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North Fork Kings Tour - Day Eight

DAY EIGHT signalled our farewell to the high country. With about twenty-five miles to reach the car, we had work to do! Our gear dried quickly in the warm sunlight, and soon we were on our way. We had encountered a path at the south end of the lake on day six, and it took us directly to Portal Lake. We continued from there down its fish-filled outlet stream to our third camp, then apprehensively returned to the swampland along the upper North Fork. While still moist, the area had dried considerably in the past five days, but flies and mosquitoes still eagerly pursued us. With the distant peaks unavailable for photos, we focused on closer subjects - wildflowers and the occasional butterfly lined the path and provided intense splashes of color. We reached the gentle incline leading toward Halfmoon Lake, only to find that my mind had deceived me: this was NOT very gentle at all! As we ascended, views back toward peak 12323 and northward toward Bench Valley opened up - even the highest portions of Goddard could be seen above the ridges we had traversed the previous day.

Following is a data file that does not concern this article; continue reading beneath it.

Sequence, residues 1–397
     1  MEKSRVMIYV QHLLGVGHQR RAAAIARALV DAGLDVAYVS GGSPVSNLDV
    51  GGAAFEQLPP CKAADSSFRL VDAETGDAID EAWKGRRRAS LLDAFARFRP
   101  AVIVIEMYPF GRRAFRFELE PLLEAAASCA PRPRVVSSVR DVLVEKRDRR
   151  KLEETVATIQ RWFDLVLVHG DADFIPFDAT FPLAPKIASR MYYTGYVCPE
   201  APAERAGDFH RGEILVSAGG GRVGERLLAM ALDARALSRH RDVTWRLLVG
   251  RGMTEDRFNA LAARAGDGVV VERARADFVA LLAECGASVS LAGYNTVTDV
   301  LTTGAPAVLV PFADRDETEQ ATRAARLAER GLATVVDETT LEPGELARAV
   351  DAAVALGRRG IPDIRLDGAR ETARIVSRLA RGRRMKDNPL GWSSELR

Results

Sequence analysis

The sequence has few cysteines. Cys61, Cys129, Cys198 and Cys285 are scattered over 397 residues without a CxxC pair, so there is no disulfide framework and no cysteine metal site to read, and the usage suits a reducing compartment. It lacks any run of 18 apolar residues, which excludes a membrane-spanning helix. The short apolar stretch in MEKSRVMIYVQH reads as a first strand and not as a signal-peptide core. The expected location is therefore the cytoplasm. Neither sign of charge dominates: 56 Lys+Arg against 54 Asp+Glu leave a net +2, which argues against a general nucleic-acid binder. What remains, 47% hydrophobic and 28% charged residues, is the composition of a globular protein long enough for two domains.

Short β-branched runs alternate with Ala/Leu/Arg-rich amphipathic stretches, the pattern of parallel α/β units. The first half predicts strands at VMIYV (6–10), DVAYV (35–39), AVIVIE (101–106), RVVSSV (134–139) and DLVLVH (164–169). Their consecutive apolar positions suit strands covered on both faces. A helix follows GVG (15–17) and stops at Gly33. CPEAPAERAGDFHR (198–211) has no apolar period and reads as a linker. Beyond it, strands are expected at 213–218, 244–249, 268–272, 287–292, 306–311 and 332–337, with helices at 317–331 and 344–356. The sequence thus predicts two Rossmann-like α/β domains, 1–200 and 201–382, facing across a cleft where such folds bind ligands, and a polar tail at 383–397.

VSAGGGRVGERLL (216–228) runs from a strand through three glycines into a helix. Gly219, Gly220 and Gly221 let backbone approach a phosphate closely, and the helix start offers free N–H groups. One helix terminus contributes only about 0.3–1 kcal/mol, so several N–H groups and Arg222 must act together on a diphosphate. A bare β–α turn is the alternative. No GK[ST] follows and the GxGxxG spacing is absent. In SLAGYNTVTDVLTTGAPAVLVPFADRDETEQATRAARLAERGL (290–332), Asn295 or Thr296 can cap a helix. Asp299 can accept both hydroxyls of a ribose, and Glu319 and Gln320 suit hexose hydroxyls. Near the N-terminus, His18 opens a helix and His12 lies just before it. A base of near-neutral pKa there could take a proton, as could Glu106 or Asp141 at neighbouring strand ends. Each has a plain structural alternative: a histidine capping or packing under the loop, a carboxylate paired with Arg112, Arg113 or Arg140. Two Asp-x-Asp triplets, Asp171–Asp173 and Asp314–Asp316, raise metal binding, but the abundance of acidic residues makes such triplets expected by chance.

Lupine, Paintbrush
At the junction below Halfmoon Lake we recharged our water-bottles and continued upward to Crown Pass. The views along the length of the Sierra began opening up near the crest, with dark, snow-streaked peaks of Ritter, Banner and southern Yosemite hovering at the edge of sight. Once over the pass, an equally vague impression of peaks south to the Kings-Kern Divide floated over the nearer peaks of the Monarch Divide. We worked our way down to Crown Lake among more wildflowers, shooting as we went. I was walking through a muddy patch when I noticed that the human footprints had some unshod company: I showed the others some rather large bear tracks, and we all turned from the flowers and took photos of the mud. Shortly thereafter we saw a couple of deer, our first animals larger than marmots we'd seen since day two.

We'd come quite a ways by now, and the route showed the path following the stream from Crown and Scepter lakes for a few miles. The actual path chose a higher, drier route, and when we finally encountered the stream we dropped our packs and searched for our last camp. Frank found several small sites above the trail, and we set up among the trees, ate quickly, and passed out in no time.

water break at Halfmoon outlet

pre-hike - day One - Two - Three - Four - Five - Six - Seven - Eight - Nine - Summary

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